I reported to a woman who then reported to senior leadership. I was pretty high up, but I quickly realized that the woman above me, who was VP-Strategic Marketing, used to be a Kelly Girl. She didn’t have a degree; she started as pharmacy helper stocking shelves. Kelly Corp. had a big contract with McKesson. She acted like a woman was supposed to: kept quiet and didn’t know anything. And I came along and knew how to take charge and not be intimidated by men, and apparently it intimidated her!
I thought, “What is wrong with this Fortune 100 company?” I had to fill out forms to get my Internet connection and I was supposed to be building their website. Everything was so slow. I kept thinking something was really wrong. It felt like I was straightjacketed, but it was a great learning experience.
Then the woman I reported to took a leave of absence. I lasted nine months but I did a lot. I created an in-house agency that started to process all their art and all their printing. I saved them more than $16 million.
Since we know the end of the McKesson story, I assume that didn’t impress the company.
No. The senior VP I reported to took me up the senior VP-human resources. I asked why and he said, “Because you’re getting fired.” I asked the reason and he said, “Because you intimidated your boss and you don’t fit in here.” I stood up and said, “Shame on you. I waited my whole life to work here. My whole goal was to be at your company.” I said my whole peace and got a nice severance and they said, “See you later.”
What did you learn from all that?
Well, I remember my father said to me, “You will never be happy until you’re your own boss because you’re smarter than all your bosses but stupid enough to let them know.” And I am honest upfront and not politically correct. But now as a consultant, people pay me for my opinion. But I like that we women have our challenges.
Do you think that being a woman, you’re not as a free to offer opinions?
I was born in 1964. I was the last official year of the baby boomers. My parents were baby boomers, so I don’t consider myself one. I’m part of a lost generation that way. I’m not a “Generation X” and not a “Millennial,” so I always felt out of whack. By the time I graduated from high school, women were starting to take leadership roles, but men still weren’t quite ready for it. I think I didn’t fit in at McKesson because it was a dinosaur then. Very slow and methodical.
That’s when you focused on the restaurant business?
Well, I had worked with a multi-location restaurant operator before I went to HQ and I had done projects [with restaurants] on the side. But then when I started my own company I did it full time.
Working for myself was so nice. No politics. And I could focus on doing the creative aspects of business that I love, and people pay me for it!
That’s a big step to start your own consulting company. Was it a scary commitment for you?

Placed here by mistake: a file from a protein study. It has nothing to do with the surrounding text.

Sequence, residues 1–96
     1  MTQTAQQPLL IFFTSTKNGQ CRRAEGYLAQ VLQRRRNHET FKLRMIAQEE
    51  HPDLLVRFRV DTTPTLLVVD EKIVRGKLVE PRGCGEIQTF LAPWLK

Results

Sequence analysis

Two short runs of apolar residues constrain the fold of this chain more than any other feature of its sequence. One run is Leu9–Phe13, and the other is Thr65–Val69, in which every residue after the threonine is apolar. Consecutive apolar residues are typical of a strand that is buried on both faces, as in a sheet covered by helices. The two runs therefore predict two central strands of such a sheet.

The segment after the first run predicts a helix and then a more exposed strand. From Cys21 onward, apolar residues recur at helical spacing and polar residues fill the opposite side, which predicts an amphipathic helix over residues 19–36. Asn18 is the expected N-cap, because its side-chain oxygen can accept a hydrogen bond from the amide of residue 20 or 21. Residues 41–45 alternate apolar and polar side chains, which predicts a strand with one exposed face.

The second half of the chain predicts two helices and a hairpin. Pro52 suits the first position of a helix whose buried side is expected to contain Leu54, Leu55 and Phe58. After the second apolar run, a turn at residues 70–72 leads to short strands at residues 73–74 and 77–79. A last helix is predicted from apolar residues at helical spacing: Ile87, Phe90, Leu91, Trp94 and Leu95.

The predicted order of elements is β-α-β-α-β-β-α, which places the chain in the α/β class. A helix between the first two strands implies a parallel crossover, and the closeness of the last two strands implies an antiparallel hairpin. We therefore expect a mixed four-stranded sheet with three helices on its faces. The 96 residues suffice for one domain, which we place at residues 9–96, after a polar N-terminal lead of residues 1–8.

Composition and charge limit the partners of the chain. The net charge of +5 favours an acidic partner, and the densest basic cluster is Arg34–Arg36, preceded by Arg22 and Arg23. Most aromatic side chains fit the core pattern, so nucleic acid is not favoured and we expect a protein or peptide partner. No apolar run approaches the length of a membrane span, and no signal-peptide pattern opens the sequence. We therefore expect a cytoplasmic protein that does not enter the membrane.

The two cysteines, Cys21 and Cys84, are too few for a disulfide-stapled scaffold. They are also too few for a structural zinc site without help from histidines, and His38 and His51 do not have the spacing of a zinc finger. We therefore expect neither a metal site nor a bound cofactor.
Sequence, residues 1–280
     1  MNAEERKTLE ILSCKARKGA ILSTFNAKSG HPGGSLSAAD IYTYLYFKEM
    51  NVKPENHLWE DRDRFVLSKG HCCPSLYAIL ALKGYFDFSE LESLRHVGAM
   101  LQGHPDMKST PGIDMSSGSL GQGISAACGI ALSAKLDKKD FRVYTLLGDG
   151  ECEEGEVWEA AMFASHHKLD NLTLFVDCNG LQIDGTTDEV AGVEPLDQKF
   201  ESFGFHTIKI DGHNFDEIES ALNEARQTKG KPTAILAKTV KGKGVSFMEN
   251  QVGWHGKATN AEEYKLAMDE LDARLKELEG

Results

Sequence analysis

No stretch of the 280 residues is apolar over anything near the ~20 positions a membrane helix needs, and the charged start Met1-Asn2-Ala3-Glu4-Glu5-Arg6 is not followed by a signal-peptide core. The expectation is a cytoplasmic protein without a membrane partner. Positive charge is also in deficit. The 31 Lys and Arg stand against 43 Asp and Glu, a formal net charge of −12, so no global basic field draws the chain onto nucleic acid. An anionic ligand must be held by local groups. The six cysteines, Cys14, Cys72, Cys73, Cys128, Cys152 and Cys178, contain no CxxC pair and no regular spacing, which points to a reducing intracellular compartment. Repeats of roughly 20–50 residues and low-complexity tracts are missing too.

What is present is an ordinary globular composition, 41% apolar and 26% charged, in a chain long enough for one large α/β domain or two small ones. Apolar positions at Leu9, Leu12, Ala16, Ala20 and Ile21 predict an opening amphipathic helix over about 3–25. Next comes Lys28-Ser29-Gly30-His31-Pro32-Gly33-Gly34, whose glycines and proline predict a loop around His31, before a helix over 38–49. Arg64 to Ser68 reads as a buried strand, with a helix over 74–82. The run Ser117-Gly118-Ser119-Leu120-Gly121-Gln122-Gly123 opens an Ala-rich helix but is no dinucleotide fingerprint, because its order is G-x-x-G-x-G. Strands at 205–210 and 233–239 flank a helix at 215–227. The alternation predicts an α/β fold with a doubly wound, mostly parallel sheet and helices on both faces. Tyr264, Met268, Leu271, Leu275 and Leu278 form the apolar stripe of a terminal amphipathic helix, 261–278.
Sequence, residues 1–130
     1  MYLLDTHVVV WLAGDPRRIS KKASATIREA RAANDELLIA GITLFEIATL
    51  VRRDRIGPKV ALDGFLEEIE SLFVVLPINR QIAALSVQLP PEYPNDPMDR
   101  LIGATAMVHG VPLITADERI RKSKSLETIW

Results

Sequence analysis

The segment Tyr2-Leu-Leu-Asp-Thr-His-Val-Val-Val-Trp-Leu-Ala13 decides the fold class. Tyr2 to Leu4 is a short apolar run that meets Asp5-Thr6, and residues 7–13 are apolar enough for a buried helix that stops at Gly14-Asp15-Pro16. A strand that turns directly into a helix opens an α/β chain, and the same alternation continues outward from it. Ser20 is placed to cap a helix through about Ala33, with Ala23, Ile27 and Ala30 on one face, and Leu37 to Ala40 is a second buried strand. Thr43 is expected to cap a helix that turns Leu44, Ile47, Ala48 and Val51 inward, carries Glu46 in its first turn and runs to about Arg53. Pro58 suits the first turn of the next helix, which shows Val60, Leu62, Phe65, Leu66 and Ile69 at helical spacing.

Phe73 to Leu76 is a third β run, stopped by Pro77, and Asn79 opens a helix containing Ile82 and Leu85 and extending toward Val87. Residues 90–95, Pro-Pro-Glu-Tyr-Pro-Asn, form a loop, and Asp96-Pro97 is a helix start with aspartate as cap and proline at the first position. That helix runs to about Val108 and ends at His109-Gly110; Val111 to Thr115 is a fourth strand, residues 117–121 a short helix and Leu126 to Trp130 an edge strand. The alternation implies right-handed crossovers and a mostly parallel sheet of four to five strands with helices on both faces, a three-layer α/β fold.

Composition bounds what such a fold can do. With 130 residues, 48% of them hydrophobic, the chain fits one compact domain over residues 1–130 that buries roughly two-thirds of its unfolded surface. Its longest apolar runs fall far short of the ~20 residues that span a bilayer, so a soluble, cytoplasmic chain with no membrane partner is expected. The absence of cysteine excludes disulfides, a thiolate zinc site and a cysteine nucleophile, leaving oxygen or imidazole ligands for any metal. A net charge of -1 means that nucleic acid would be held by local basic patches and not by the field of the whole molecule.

Oh it was. I had a friend with a business building websites and I asked him how he started. He said, “Linda, it’s like diving off a cliff. You just have to jump.” I did jump and it was the best decision I’ve made. I love my boss now! I’m one of those people who thrive on being busy so I can take on as much as I want. But I have no children or animals. I live my job and I love it.
Still, the world of restaurant chains has traditionally been heavily male dominated. Have you encountered much of that resistance to listening to ideas from a woman?
Even now, as a consultant, there are some clients who are men with whom I feel like I have to bring my husband, Michael [Fagen, the COO], along with me. Sometimes having a man with me is what I have to do.
But I don’t work with people who “tolerate” you any more. I don’t have to. I only work with people who celebrate you. Being picky about whom I’ll work with only comes after years of hard work but respect has to be part of it. You might as well work for people who are fun and interesting.
I had a meeting recently where I didn’t like the way the chairman of the company approached me and didn’t interact with me. They were contemplating hiring me, but they wouldn’t commit to me long-term, wouldn’t pay upfront and I didn’t like their attitude. But the previous day I’d had a client drive 300 miles round trip to bring check and sign a contract for 12 months. Which of those do you want to work for?
I do a lot of work with the fast-casual segment of restaurants [such as Panera Bread and Chipotle Mexican Grill] and many of them are being run by young people who don’t have the old prejudices. The men have wives who are out working and being entrepreneurial, too. I have a client, Cowboy Chicken in Dallas, and the president, Sean Kennedy, is maybe 32 years old. I find younger people are more open to listening to anyone. Some of the “old school” guys just aren’t as willing to listen to me. It’s sad, but I try to ignore them.
You mentioned that you try to mentor young people. What advice do you give them about how to succeed and what to expect in the workplace?
Well, I would say to young women that they should always ask for help if they feel they need it. There certainly are people who are willing to help you. And if the first person you ask says no, ask someone else.
But as for advice, well, I’m no beauty queen, but I do think that how you dress is important. But by that I mean I tend to a wear a suit and keep myself covered even when it’s 100 degrees out because I think I have to do that to be taken seriously. Don’t try to play sex goddess.
But still, to be taken seriously, you have to work harder than anyone else in the room. I’m not a particularly big fan of Hillary Rodham Clinton, but, boy, she works her tail off because she’s in your face. In order to be a high-power woman, you have to be better, sharper and smarter than any man in the room. Because it is every man in the room. It can be hard.
I saw that Adam Sandler movie “Click,” where he has a remote that lets him rewind and relive parts of his life. I’d seriously like to see what differences there would have been if I had lived my life as a man.
But you don’t sound dissatisfied with the life you’ve lived.
Oh, I’m very satisfied. I just think it would be interesting to know what would have been different. Being a woman has had some pluses for me, but maybe more minuses. I feel I’ve had to work harder than many of my male colleagues. Would I have succeeded at McKesson had I been a man? Where would that path have taken me? Maybe I would have been the guy who enters a room with a girl on each arm!